Prenuptial Agreements and Postnuptial Agreements: What you should know

What are things that should be included in a prenuptial or postnuptial agreement? 

The first thing that a prenuptial agreement (or “prenup”) should address is the protection of the pre-existing assets of the bride and groom. But there is so much more that can be and should be addressed in a prenuptial agreement which can protect against misunderstandings between the parties down the road as to who owns what asset. It can also make your case so much easier to resolve in the event of the failure of the marriage, especially if both parties have been concise and clear as to the intentions when they married.  

New York State has a very broad rule governing marital assets called Equitable Distribution Law.  Under this law it is all about fairness and voluntary financial disclosure. Further, if you intend to live in New York, and be governed by New York law be aware that the courts will routinely consider businesses and trusts as marital property. As such, if you are intending marriage, it is extremely important that your agreement address all of the assets that a New York court might consider in dissolving a marriage.

New York law will also designate certain property as being your own separate property. As such, it is very important to designate and define in your agreement what the parties will consider to be separate property and what the parties will consider to be marital property.

Prenuptial agreements were designed initially to protect property that was acquired prior to the marriage. More recently, however, prenuptial agreements are becoming more expansive and are also addressing how marital property will be treated during the marriage itself, but prior to a separation event.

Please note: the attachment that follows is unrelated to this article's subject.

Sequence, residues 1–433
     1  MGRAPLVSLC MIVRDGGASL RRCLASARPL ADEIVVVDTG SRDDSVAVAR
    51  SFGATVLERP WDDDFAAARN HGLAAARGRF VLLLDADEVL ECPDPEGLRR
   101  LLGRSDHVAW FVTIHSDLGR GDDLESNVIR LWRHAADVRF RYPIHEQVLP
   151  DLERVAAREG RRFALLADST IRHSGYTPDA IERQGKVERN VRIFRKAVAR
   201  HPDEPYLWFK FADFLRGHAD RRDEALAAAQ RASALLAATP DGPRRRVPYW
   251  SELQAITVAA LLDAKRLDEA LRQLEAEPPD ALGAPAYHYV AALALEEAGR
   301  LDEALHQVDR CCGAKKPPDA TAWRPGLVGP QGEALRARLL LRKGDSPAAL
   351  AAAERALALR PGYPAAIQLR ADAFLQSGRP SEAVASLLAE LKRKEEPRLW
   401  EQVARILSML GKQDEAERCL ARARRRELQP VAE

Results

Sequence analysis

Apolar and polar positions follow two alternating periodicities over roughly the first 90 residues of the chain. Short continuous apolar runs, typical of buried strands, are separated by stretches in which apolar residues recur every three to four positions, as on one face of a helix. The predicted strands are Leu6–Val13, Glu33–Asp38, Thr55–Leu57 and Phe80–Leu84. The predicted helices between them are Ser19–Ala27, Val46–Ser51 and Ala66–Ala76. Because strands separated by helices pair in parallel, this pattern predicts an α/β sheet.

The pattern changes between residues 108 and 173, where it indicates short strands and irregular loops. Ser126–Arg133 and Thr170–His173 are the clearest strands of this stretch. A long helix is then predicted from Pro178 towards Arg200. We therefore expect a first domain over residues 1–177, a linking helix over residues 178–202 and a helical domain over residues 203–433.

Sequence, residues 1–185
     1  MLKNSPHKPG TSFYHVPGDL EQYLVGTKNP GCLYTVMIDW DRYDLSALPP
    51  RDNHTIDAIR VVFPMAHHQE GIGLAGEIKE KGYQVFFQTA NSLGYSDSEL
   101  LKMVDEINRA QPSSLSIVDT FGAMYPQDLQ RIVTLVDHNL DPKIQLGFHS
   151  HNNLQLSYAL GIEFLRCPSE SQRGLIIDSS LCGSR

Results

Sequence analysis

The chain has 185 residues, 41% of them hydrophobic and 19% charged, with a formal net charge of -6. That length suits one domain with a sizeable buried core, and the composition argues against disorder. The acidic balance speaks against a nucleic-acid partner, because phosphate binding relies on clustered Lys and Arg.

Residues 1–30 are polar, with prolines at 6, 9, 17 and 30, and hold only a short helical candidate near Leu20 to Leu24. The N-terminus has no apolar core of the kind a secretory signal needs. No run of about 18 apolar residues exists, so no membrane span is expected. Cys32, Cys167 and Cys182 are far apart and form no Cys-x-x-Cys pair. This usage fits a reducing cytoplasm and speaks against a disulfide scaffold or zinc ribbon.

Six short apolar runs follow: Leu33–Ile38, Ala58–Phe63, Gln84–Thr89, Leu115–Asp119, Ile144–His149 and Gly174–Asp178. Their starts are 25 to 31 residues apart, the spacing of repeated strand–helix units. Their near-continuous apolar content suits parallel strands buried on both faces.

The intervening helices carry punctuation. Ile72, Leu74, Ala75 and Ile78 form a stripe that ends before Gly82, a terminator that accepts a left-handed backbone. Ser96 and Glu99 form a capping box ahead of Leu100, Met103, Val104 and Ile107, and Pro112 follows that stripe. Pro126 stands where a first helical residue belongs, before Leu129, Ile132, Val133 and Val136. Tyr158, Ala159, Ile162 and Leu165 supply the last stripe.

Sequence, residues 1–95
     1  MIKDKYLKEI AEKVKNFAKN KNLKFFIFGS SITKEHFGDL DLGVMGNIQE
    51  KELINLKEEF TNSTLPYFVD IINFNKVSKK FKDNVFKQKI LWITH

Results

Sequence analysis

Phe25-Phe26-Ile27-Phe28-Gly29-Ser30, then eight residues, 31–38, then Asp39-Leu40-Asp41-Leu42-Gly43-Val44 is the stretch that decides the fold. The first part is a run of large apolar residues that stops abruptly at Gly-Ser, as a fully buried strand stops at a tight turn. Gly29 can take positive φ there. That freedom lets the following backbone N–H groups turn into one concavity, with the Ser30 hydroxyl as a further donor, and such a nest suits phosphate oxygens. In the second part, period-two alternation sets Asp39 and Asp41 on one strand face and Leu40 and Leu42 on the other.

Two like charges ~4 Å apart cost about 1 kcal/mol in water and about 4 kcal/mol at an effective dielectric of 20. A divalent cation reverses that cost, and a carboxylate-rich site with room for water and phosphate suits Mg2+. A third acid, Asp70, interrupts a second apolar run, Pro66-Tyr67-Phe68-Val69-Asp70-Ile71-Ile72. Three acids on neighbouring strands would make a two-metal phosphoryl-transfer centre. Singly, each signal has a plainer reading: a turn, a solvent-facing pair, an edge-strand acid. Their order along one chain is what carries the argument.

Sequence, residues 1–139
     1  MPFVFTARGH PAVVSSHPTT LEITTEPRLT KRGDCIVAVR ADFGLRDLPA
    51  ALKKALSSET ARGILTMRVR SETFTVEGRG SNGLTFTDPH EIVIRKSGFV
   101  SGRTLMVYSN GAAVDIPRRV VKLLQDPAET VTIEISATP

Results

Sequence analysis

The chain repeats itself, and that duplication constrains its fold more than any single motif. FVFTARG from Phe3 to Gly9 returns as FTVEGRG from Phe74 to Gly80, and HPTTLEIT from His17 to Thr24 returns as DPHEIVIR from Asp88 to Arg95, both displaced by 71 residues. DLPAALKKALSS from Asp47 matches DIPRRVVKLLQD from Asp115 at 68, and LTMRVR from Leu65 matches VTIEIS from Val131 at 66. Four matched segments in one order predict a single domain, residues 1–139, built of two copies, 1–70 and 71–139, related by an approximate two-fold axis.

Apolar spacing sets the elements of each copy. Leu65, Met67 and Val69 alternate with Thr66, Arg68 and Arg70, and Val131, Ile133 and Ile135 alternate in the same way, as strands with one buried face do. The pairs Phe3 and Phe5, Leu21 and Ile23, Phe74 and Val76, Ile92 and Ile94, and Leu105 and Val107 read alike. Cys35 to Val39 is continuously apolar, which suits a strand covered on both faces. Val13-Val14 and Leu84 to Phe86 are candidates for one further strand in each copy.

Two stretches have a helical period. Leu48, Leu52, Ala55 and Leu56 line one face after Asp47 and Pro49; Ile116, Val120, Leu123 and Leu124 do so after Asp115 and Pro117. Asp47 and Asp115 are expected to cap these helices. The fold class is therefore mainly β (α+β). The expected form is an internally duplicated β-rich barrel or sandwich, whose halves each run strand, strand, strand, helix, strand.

Prenuptial agreements are made and intended to supersede the equitable distribution laws of New York. Equitable distribution of property is a right that each party has to have property acquired during the marriage distributed properly and justly in the unfortunate event of a dissolution of marriage. 

As such, in entering into a prenuptial agreement and to ensure superseding the rules of equitable distribution, the language should provide an express waiver of these rights under equitable distribution. This waiver language is especially important given that a prenuptial agreement that provides for distribution of marital property should, if drafted properly state that it is the parties’ intent that there be a deviation from the rules of equitable distribution, such that the parties intend that there agreement should control distribution of property in the event of an ambiguity of interpretation.